Casper Man Bound Over For Trial For Allegedly Raping Another Man
A Casper man will face trial for beating and sexually assaulting another man last week.
Natrona County Circuit Court Judge Michael Patchen ordered Gary Clement to stand trial after a half-hour preliminary hearing Thursday.
Clement will face trial for first-degree sexual assault, or rape, and the aggravated assault.
If convicted of both counts, he faces between five years and 60 years of imprisonment.
During the hearing, Casper Police Detective Anthony Stedillie told Assistant District Attorney Dan Itzen that he was called to the Wyoming Medical Center in the afternoon of Feb. 1 for a reported sexual assault.
Stedillie interviewed the alleged victim, who said he met Clement who worked at a local restaurant, and they left in separate cars after his shift ended at 6 a.m. that day.
They knew each other when they were incarcerated at the Natrona County Juvenile Detention Center, Stedillie said.
Clement and the victim went to a local liquor store and bought beer even though they were under 21.
They drove to the victim's house where the victim left his car, and joined Clement in his car and they drove to Clement's house on East 17th street.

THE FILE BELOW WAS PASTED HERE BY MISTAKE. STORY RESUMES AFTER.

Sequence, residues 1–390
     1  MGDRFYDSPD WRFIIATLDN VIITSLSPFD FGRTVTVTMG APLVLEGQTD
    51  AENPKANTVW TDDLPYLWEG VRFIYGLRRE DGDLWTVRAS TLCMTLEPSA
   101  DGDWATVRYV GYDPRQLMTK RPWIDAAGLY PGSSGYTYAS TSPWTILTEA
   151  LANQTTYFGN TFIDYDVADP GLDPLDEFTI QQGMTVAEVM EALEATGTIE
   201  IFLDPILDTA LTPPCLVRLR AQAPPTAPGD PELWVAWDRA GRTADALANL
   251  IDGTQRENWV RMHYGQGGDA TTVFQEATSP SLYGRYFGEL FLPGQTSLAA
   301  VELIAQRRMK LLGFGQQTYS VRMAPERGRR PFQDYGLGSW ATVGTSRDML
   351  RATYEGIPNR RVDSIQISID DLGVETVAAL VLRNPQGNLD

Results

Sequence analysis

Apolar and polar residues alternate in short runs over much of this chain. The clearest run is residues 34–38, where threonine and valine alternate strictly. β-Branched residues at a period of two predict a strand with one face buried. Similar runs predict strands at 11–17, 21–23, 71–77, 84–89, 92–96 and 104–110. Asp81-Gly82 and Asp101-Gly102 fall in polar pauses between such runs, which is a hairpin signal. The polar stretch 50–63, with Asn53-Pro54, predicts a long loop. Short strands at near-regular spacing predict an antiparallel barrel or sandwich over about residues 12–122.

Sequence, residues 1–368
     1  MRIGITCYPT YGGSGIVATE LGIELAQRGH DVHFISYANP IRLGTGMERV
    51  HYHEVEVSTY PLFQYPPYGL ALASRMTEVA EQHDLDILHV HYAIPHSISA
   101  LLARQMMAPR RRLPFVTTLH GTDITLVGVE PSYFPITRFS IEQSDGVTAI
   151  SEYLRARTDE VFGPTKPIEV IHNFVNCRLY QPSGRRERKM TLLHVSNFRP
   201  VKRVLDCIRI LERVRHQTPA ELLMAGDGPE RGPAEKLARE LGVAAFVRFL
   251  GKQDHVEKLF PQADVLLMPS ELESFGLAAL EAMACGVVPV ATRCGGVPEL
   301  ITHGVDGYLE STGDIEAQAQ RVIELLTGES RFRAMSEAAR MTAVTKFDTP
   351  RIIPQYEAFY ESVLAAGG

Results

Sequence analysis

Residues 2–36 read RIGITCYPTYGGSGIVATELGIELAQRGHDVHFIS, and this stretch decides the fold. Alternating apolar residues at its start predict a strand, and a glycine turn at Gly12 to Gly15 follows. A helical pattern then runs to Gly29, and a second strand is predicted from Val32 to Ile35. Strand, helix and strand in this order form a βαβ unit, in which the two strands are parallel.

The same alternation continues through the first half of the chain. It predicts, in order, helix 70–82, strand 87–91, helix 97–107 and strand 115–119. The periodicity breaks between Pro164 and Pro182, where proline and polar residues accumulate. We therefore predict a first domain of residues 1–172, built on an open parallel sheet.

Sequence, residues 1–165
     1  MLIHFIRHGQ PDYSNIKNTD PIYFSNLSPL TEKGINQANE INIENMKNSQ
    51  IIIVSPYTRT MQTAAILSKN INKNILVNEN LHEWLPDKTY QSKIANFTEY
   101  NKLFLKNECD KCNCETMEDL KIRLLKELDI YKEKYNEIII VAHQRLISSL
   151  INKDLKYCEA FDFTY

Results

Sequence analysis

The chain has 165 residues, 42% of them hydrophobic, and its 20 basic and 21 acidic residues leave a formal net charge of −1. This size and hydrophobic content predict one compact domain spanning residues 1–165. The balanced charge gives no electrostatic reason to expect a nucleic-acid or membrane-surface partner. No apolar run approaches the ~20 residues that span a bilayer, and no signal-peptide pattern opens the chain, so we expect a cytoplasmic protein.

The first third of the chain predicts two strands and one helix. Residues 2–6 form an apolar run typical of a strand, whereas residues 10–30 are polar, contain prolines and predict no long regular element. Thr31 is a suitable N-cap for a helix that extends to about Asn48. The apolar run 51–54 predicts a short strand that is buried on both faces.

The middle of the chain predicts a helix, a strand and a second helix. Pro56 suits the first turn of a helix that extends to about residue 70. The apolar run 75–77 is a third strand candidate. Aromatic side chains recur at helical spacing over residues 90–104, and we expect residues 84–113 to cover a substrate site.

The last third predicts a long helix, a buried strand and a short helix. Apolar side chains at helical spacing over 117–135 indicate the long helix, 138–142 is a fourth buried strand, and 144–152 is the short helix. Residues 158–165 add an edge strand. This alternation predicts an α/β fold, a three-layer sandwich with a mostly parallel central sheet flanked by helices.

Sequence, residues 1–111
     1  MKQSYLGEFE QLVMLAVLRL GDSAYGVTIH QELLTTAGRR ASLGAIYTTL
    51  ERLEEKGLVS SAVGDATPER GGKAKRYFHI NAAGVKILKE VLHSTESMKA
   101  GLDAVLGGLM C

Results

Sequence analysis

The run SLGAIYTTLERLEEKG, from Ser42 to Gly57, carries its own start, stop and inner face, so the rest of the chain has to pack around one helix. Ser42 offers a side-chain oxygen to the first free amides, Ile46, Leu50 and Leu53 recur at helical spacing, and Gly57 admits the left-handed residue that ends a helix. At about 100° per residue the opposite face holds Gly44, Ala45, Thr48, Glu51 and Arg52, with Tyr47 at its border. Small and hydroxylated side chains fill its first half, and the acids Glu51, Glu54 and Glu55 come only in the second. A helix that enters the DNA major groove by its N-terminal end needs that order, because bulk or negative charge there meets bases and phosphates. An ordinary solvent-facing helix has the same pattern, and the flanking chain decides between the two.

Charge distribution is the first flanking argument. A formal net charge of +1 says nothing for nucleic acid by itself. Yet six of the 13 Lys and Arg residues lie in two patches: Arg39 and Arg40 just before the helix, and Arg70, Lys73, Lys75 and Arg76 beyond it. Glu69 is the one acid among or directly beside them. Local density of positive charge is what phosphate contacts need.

The two drank, smoked marijuana, played video games and began to "practice fighting techniques," Stedillie said.
Clement then told the victim that people wanted him dead, and he demanded sex from the victim.
At one point, Clement held a knife to the victim's throat.
The victim punched Clement in the head.
Clement began to beat him until he was unconscious, Stedillie said.
When the victim regained consciousness, his pants were down and Clement was sexually assaulting him.
After that, they went to a tattoo parlor where the tattoo artist saw the victim seemed disoriented, Stedillie said.
The victim contacted friends who picked him up at the tattoo parlor and took him to his mother's house. The victim's mother then took him to the hospital.
A sexual assault nurse examiner conducted an exam of the victim, law enforcement searched Clement's house, Stedillie interviewed Clement, and biological evidence was collected from Clement.
After a brief cross-examination of Stedillie, Clement's defense attorney Curtis Cheney told Patchen there was probable cause that his client committed the crimes.
Cheney asked the judge to lower Clement's bond from $50,000 to $20,000 because he's lived in the Casper area for his whole life, he has a home and a job.
But Itzen responded, saying Clement committed the crimes while on probation, has committed other crimes, and faces at least a five-year prison term if convicted.
Patchen said the allegations are serious and kept Clement's bond at $50,000.